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Who is Channing Dungey? Groundbreaking ABC exec pulls plug on "Roseanne"

ABC cancels "Roseanne"
ABC cancels "Roseanne" after star posts racist tweet 02:34

ABC Entertainment president Channing Dungey is in the spotlight after canceling the popular reboot of "Roseanne." The decision came after Roseanne Barr posted a racist tweet about a former adviser to President Obama.

Barr compared Jarrett, who is black, to an ape on Twitter. After initially pushing back against criticism, Barr said her "joke" was in "bad taste" and apologized. But the apology wasn't enough for the network. Dungey called the tweet "abhorrent, repugnant and inconsistent with our values" and announced the show's cancellation. Dungey had the backing of Disney CEO Bob Iger, head of ABC's parent company, who said, "There was only one thing to do here, and that was the right thing."

Many big Hollywood names championed Dungey's decision Tuesday, with some sending positive messages to the cast and crew who are now out of work.

In 2016, Dungey made headlines when she became the first African-American to run the entertainment division of a major broadcast television network. In that role, she oversees "all development, programming, marketing and scheduling operations for ABC prime time and late-night," according to her company bio. She's been with ABC in various roles since 2004 and is credited with developing several of its hit TV dramas, including "Scandal," "How to Get Away With Murder" and "Quantico."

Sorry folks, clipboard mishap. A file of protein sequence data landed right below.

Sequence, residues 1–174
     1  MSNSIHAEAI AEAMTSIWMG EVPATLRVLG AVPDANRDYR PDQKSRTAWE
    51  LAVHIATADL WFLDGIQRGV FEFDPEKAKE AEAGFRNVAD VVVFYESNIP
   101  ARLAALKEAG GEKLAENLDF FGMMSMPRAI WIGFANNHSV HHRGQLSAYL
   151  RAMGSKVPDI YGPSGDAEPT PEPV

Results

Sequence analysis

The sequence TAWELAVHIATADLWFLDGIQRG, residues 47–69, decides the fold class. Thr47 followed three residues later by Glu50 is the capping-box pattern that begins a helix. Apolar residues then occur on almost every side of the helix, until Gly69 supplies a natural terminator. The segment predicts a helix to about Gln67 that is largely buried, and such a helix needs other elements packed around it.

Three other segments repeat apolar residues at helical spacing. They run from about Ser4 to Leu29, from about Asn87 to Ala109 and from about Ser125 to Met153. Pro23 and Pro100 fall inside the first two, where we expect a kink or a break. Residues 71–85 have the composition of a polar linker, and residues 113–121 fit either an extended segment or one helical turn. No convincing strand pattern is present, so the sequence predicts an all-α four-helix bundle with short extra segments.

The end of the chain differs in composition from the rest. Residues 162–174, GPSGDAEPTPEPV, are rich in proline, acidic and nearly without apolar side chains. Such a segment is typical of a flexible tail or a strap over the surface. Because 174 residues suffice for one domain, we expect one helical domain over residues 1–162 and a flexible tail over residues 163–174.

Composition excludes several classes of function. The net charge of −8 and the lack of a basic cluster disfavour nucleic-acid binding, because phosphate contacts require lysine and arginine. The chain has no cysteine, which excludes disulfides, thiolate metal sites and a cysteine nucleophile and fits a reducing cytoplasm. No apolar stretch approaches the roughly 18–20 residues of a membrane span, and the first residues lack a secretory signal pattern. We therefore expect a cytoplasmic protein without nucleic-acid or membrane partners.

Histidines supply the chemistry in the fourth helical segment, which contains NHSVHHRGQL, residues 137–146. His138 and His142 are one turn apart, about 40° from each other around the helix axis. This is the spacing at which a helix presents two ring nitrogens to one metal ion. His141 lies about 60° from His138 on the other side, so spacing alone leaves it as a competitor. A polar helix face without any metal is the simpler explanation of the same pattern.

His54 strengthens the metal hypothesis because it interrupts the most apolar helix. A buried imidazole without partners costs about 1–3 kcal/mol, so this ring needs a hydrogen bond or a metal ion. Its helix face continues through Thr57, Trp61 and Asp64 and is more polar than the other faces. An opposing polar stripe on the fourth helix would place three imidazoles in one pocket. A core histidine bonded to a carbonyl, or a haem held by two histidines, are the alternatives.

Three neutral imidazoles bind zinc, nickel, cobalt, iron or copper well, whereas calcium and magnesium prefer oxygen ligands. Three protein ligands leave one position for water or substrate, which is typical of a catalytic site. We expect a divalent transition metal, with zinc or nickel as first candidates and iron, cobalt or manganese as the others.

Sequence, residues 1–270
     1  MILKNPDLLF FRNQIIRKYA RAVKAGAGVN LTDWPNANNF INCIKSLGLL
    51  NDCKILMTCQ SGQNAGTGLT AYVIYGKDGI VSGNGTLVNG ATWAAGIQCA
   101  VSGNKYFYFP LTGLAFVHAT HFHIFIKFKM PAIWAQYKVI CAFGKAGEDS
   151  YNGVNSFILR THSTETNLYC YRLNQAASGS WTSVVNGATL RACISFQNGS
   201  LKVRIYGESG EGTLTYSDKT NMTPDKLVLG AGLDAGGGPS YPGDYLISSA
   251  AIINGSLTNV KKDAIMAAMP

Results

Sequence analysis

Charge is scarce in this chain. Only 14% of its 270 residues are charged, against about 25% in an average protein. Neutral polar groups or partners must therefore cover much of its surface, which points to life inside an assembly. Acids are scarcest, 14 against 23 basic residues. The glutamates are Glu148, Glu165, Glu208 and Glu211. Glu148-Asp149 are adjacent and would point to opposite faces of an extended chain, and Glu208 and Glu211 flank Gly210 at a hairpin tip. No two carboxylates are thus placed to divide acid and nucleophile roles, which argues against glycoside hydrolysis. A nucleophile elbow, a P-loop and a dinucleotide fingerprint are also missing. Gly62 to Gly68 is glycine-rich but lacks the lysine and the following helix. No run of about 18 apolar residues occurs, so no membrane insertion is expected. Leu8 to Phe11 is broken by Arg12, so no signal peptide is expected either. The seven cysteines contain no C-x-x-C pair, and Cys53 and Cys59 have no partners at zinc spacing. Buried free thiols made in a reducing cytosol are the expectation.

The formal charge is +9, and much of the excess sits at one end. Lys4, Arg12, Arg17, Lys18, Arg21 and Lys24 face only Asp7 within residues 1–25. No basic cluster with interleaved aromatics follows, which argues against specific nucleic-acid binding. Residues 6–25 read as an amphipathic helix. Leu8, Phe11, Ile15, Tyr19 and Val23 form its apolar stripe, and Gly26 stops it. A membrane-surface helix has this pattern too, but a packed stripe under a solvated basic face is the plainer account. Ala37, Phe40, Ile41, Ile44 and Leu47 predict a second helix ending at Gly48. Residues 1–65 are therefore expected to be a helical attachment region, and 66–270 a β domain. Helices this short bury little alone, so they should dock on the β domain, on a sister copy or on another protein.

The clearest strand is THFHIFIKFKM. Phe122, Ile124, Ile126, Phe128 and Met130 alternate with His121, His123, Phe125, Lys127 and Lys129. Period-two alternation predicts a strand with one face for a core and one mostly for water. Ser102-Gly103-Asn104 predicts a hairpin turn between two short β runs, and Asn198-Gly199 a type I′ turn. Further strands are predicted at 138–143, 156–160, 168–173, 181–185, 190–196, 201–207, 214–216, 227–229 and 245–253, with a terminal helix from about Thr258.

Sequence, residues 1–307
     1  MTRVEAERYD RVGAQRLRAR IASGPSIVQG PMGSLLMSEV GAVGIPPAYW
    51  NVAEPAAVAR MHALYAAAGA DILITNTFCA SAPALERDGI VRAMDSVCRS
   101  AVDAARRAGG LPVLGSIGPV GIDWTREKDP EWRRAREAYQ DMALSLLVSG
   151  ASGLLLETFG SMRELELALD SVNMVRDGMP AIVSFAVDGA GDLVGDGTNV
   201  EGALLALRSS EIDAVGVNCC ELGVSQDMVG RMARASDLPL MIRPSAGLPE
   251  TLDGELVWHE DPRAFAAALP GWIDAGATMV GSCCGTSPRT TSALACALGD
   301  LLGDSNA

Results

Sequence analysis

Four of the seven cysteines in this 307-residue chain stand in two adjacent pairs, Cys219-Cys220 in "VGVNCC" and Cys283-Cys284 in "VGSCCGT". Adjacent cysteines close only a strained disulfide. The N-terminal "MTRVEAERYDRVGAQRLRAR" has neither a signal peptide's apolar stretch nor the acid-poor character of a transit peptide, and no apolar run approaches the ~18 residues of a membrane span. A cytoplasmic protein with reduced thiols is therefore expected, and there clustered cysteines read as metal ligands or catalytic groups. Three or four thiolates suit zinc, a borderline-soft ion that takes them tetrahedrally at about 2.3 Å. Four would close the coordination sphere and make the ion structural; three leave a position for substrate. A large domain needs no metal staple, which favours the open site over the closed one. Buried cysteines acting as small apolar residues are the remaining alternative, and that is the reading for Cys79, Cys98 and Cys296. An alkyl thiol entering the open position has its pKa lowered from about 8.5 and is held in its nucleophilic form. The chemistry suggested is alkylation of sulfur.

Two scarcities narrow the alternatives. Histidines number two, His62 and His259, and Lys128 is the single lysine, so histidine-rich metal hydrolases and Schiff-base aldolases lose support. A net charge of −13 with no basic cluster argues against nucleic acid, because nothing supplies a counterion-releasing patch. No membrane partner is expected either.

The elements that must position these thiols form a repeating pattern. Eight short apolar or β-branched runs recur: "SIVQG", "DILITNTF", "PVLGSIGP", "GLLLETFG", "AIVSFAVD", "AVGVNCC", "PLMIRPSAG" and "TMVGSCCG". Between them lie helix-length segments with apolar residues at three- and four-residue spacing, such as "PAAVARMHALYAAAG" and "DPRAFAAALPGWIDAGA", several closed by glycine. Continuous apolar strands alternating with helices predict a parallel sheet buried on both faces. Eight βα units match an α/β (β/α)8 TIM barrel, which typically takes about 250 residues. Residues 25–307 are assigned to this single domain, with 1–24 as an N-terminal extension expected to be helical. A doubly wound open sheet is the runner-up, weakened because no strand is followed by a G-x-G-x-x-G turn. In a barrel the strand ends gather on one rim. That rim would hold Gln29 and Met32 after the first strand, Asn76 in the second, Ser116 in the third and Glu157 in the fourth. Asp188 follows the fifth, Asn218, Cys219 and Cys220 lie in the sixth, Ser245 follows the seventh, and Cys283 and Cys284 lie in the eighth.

Channing Dungey
Channing Dungey at the 2016 Emmy Awards. Getty

Dungey graduated from the UCLA School of Theater, Film and Television in 1991. She's also taught a course titled "Developing the Drama Pilot" for graduate students at the school.

She started out as a development assistant for Davis Entertainment for 20th Century Fox. In 1998, she became senior vice president of a film production company called Material. She would later be named president in 2001.

Dungey, a self-proclaimed "TV junkie," spent nearly a decade working in film. In an interview with UCLA Newsroom, she said she began gravitating toward the small screen in the early 2000s. "I love to read, and TV seemed more like a good book, with these incredible series unfolding like chapters in a novel," she said last year.

She is also a founding member and board member of Step Up, a non-profit dedicated to empowering young girls in under-resourced communities to become "confident, college-bound, career-focused, and ready to join the next generation of professional women."

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